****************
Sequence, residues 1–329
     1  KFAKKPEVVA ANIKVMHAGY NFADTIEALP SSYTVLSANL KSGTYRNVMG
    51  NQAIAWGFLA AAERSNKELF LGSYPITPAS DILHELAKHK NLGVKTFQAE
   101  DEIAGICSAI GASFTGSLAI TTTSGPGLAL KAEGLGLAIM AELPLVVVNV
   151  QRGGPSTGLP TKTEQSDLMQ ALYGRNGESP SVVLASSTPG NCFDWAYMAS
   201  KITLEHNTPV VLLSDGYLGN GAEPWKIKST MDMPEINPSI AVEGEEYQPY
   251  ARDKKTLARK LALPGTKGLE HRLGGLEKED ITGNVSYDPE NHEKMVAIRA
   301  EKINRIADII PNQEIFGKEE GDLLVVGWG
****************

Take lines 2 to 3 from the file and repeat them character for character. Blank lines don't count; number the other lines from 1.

     1  KFAKKPEVVA ANIKVMHAGY NFADTIEALP SSYTVLSANL KSGTYRNVMG
    51  NQAIAWGFLA AAERSNKELF LGSYPITPAS DILHELAKHK NLGVKTFQAE